Date: 16th May 2018 at 10:00am
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Anyone with even a basic knowledge of the Titanic knows at least one simple fact about icebergs; what you see on the surface is rarely the full picture.

A seemingly tiny and obscure lump of frozen rock floating on the surface may in fact mask a colossal mass lurking just below, posing dangers to the unaware.

Celtic’s achievements this season – like the visible section of the iceberg – are obvious.

2017-18 has brought with it a seventh league triumph in a row, a League Cup win as well as a Champions League run culminating in post-Christmas European football.

And of course the Scottish Cup Final brings with it the possibility of the completion of an unprecedented double treble.

Regardless of Saturday’s score there is no question that Celtic are enjoying a period of phenomenal success; Brendan Rodgers’ appointment has sparked domination not seen since the days of Jock Stein.

This is clearly cause for celebration. As a season ticket holder since the early 1990s – and someone with a good memory – there is no prospect of my taking these achievements for granted.

And yet for Celtic the problem is not what it is visible and observable, rather it is what lies beneath the surface.

Unlike the swashbuckling and dynamic achievements of 2016-2017, this season – for all its clear successes – has felt very stuttering at times.

Once you ignore the headline trophies – important though they are – the statistics tell another, hidden story. And one that poses challenges for next season.

No club in Scotland has drawn more home games than Celtic (seven in total), and points have been dropped in 42% of all home games.

Those people claiming that Celtic’s defeat to Aberdeen on the final day was part of an elaborate conspiracy clearly have not paid attention to the club’s general league form at Parkhead.

Away games are slightly better, although points were still dropped in 31% of games. Overall this means that points have been lost in more than one third of all league games.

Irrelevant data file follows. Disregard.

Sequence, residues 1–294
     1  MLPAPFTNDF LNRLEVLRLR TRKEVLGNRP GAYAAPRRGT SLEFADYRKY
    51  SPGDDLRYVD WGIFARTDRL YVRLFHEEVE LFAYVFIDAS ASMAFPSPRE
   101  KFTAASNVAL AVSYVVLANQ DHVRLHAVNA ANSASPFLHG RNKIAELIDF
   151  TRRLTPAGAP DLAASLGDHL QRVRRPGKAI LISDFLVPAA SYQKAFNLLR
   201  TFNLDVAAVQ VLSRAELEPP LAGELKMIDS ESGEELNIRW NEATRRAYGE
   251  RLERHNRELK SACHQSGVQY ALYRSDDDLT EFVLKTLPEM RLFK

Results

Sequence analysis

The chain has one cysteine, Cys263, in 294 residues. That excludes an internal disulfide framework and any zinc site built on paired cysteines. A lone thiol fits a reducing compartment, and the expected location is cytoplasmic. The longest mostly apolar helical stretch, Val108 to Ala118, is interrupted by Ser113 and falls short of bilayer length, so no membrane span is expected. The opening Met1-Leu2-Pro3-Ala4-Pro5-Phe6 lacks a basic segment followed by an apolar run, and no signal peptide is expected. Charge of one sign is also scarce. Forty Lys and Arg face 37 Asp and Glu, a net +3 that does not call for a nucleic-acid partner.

When it comes to league goals, Celtic are not the top scorers in Scotland either home or away (instead it is Hibs and Sevco, respectively).

Even Europe was a catalogue of contradictions. An outstanding away win against Anderlecht, contrasts with the disappointment of the return game, and chastening defeats versus PSG.

In itself none of this is a huge disaster, and especially not when compared to the aforementioned early 1990s. Sport necessitates challenge and uncertainty, meaning points will be dropped and games lost.

But as Brendan Rodgers looks forward to his third season in charge, he must know that changes are needed. Aberdeen will seek to strengthen this summer, as well as a resurgent Hibs.

Sevco under Gerrard are also sure to be stronger. In spite of the catastrophes that have befallen the Ibrox club, they still reached two semi-finals and finished third, giving them a foundation for progress.

And of course Celtic’s gaze is not simply drawn towards Scotland’s borders; for Rodgers to be considered a true legend in the Stein mould then he must make a mark in Europe.

Champions League glory is of course a fantasy, but providing a better organised and stronger challenge to the top teams should not be out of the question. And Europa League progress should also be possible.

When the club has excelled in Scotland then it has emphasised the gulf which exists with other teams. But at other times this season’s successes have felt more laboured than achieved with any style or panache.

Whilst iceberg danger is not always obvious, there can be clues such as shadows in surrounding water. Celtic should consider the hints of recent games, especially versus Kilmarnock, Aberdeen and Hibs.

The team often has a major lack of pace when given the chance to break, which can kill the chance of a goal. In addition there is an increasing inability to open up a well-organised and packed defence.

Celtic’s defence itself is another problem.

Of all the many centre halves we have, there is no obvious leader and first choice pick, each option demonstrating strengths and limitations.

At full back – aside from the star of Kieran Tierney – the club is not blessed with strength in depth. Lustig – having been a wonderful servant – is surely approaching the end of his first pick time.

In theory the club’s three strikers (Dembele, Edouard and Griffiths) are the best in Scotland but injuries – and uncertainty about them remaining – undermine their effectiveness.

And elsewhere in the squad some of last year’s stars and standouts – notably Scott Sinclair – have almost dropped off the radar of relevance, even though Sinclair remains the club’s top scorer.

As the Titanic steamed towards the USA, icebergs in sight but at a seemingly safe distance, its owners rejoiced in their achievement of building such a wonderful and ‘unsinkable’ ship.

So on Saturday it is to be hoped that the day will mark a stunning and extraordinary double treble achievement – one that should then be rightly and loudly celebrated.

But perhaps giving at least some thought to what possibly lies beneath – and next season – would do no harm either.

Matthew Marr is a blogger and Celtic fan from Glasgow. He hopes our club is aware of hidden dangers.